As Alaska Legislature Begins Its Session, Energy Workers Are Under Attack via Both Initiative & Legislation

As Alaska Legislature Begins Its Session, Energy Workers Are Under Attack via Both Initiative & Legislation

January 22, 2020

As the Alaska Legislature gaveled its 2020 session underway on Tuesday, the bodies faced a budget out-of-balance by over a billion dollars, constituencies upset over the organization delays and budget fights from last year, as well as pending campaigns for – at least on paper – 51 of its 60 members.

Those in the legislature looking to perform a ‘cut-and-run’ move could look to pass a budget with modest cuts and a further drain on savings accounts.  Others may choose additional revenue measures such as an income or sales tax.  Others may look to further modify the allocation of Permanent Fund resources; using more for government and paying less out in Permanent Fund Dividends.

There’s one more revenue source that is being kicked around in Juneau, and that option is found in SB129, known by its short title: OIL & GAS PRODUCTION TAX; CREDITS.

In submitting this legislation, Anchorage-area Senator Bill Wielechowski channeled his inner big-government-loving, jobs-killing alter ego, and is attempting to replicate the pending ballot measure pushed by anti-oil-zealot and attorney, Robin Brena, and his “Alaska’s Fair Share” initiative.

Whether the vehicle for changing tax rates on Alaska’s three largest legacy fields is being driven by extremist politicians or self-serving lawyers is – quite honestly – irrelevant.  The net result of either measure would be damaging to Alaska’s energy community as a whole.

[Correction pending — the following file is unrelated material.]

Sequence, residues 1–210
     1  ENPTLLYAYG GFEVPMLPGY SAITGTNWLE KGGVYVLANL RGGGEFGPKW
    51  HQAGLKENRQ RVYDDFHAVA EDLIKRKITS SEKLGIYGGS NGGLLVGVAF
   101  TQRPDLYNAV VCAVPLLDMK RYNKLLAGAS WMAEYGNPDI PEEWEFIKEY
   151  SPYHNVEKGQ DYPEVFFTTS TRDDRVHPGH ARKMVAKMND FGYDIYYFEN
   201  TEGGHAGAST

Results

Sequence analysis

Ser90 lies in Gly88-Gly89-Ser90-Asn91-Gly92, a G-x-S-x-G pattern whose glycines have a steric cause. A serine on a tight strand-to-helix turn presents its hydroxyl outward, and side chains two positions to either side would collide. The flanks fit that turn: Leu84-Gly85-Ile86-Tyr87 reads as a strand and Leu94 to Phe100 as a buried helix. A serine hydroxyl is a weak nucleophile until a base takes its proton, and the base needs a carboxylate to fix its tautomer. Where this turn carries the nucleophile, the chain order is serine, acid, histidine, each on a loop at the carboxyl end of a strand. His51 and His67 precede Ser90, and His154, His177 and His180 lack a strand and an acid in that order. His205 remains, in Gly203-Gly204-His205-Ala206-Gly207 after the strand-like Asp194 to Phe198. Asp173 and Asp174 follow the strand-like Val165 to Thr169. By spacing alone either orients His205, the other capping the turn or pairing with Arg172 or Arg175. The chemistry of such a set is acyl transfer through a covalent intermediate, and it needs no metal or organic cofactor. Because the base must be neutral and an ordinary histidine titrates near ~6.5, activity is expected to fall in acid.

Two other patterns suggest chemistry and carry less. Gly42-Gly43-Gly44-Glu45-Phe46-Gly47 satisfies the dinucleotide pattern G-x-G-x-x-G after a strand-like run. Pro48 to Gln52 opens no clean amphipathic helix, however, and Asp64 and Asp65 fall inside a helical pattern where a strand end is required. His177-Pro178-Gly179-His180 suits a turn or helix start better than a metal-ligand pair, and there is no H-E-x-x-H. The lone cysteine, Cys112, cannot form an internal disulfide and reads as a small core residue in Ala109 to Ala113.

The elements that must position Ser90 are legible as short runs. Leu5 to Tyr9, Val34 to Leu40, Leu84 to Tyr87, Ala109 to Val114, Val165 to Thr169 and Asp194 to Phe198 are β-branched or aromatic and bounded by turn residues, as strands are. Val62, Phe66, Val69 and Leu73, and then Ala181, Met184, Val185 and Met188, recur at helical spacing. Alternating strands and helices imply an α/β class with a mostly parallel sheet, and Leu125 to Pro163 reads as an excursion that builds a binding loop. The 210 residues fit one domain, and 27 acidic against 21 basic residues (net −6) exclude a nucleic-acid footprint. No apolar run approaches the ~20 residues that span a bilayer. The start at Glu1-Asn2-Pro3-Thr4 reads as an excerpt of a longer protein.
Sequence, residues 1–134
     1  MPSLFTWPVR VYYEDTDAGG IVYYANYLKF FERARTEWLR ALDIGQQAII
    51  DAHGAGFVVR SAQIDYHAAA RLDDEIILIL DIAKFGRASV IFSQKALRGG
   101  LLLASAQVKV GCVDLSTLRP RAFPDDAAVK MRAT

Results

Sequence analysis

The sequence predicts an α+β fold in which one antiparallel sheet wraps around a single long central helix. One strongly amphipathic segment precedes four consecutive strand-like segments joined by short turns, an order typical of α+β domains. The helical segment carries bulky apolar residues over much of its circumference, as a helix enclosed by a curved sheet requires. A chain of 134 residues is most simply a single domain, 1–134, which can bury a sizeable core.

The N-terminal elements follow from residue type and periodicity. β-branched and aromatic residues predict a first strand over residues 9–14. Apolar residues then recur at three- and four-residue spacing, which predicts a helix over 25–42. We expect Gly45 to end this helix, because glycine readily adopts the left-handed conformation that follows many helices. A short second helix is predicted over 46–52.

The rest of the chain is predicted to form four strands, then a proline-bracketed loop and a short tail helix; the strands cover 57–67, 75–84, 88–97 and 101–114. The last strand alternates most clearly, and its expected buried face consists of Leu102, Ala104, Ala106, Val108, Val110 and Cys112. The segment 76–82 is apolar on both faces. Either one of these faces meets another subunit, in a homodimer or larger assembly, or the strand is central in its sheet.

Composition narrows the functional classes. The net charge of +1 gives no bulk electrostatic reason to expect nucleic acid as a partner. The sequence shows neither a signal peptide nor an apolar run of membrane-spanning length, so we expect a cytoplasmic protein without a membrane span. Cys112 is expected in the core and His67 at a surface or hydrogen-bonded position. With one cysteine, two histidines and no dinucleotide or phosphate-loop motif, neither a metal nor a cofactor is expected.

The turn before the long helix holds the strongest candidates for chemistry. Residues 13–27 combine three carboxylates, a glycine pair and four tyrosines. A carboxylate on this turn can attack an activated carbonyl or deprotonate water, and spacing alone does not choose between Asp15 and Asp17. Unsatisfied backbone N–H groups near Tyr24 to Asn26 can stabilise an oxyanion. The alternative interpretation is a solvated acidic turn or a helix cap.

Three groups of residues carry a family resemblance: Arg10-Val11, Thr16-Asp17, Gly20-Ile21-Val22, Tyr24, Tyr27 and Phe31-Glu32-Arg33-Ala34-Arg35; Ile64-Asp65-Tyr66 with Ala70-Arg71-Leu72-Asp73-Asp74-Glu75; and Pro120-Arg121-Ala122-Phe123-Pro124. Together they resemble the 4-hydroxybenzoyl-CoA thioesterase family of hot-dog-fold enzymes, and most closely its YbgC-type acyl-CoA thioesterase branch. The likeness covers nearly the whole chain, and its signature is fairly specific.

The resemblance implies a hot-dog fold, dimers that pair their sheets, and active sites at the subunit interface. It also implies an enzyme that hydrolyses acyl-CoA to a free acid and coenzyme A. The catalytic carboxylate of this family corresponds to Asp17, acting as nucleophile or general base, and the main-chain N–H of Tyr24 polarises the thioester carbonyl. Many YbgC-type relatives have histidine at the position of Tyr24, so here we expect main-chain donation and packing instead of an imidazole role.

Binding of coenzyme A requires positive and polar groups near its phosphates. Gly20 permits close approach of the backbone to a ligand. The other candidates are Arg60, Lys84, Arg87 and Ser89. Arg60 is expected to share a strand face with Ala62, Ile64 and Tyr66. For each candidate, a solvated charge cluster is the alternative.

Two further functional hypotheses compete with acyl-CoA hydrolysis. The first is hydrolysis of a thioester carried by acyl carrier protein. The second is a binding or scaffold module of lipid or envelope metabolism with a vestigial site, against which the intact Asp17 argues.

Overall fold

Simply put, either way you slice it, Alaska’s oil and gas workers are going to lose if the tax structure triples, as the sponsors desire to have happen.  If a billion (plus!) dollars are to be paid to the State, then the payments are either going to be diminished by extracting less “marginal oil” from the ground, by decreasing expenses and costs of production, or both.

Either option will cost Alaskans far more than Senator Wielchowski, Robin Brena, or the folks pushing either “solution” will tell you.  The fallout from Alaska’s leading private-sector job industry will be immense.  Wages, salaries and benefits will be diminished.  Jobs will be lost.  Families will be affected.  Stress will be increased.  Divorces and addictions will rise.

The next time you hear one of the advocates for these job-killing ideas speak about all the supposed benefits, ask the tough questions on behalf of the tens of thousands of energy workers across the state.  Listen to the answers.  Really listen.  Our guess?  You’ll hear nothing of substance.